More Effort Needed To Address HIV/AIDS-Related Stigma In India
Some advocates in India are calling for increased efforts to end the social stigma and ostracism experienced by people living with HIV/AIDS in the country, LiveMint.com reports. Kapil Kaul, country head for the not-for-profit organization HelpAge India, said that the virus is continually linked with high-risk groups that do not have social standing in the country, adding that people "need to create sympathy and understanding" for those groups to end discrimination.
He added that the country's "present approach is devoid of strategy," and that India needs a "huge campaign which must penetrate social norms" and "must have a five to 10 year perspective with definite milestones." Nirupama Rao, state youth coordinator for the Andhra Pradesh State AIDS Control Society, said stigma can decrease as knowledge about the virus increases, adding the "more you talk about it, the more stigma will come down."
Rao also said that creating supportive communities for people living with HIV/AIDS and having visible testing centers would help reduce stigma in India.
According to Avnish Jolly -- an HIV/AIDS advocate and member of the country research team at the United Nation's India office -- it will take decades to reduce the stigma that is "attached to what is largely considered a sexually transmitted disease." He said that despite "centuries of reform and development," traditional Indian concepts like the caste system and untouchables "haven't vanished from our villages."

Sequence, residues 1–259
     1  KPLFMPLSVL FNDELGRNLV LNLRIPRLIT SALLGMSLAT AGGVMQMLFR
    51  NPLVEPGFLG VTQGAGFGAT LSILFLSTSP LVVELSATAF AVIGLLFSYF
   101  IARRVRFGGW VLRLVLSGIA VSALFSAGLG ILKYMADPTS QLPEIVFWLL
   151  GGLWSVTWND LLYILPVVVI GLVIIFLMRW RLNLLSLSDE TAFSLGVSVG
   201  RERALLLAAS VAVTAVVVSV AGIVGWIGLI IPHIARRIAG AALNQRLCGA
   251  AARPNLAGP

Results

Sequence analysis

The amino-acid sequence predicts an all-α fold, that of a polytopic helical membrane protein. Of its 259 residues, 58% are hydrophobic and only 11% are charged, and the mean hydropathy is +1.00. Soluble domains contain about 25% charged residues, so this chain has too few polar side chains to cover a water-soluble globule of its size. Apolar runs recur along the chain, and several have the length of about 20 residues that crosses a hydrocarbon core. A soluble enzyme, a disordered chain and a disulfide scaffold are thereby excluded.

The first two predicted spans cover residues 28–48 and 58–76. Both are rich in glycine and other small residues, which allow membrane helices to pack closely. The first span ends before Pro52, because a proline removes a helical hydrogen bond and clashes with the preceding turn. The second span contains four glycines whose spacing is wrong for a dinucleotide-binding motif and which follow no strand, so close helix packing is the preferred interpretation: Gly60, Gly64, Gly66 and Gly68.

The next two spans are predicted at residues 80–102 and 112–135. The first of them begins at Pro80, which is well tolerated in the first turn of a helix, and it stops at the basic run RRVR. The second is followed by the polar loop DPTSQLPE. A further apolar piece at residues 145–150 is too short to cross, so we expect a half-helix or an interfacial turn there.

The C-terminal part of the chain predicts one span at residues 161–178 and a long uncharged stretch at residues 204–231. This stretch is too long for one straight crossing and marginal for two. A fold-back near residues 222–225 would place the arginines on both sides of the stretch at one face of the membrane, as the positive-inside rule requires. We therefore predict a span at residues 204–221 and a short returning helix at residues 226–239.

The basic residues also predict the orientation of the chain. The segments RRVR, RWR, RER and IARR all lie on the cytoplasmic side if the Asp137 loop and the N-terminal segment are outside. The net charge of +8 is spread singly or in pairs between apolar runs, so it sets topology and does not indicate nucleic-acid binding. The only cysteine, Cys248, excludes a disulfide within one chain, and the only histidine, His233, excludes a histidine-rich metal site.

Padmavati, a Chennai-based consultant at the Rajiv Gandhi Foundation, said that attitudes toward a person living with HIV/AIDS largely are determined by cultural and social taboos -- such as education and the status of women -- and that reactions toward people living with the virus vary throughout India. She said that stigma is greater in places like Punjab, Haryana and Rajasthan "where women do not have a voice in the family" and that "progressive states," such as Andhra Pradesh and Tamil Nadu, "report fewer cases of stigma" despite having high HIV prevalence (Bahl, LiveMint.com, 1/6).
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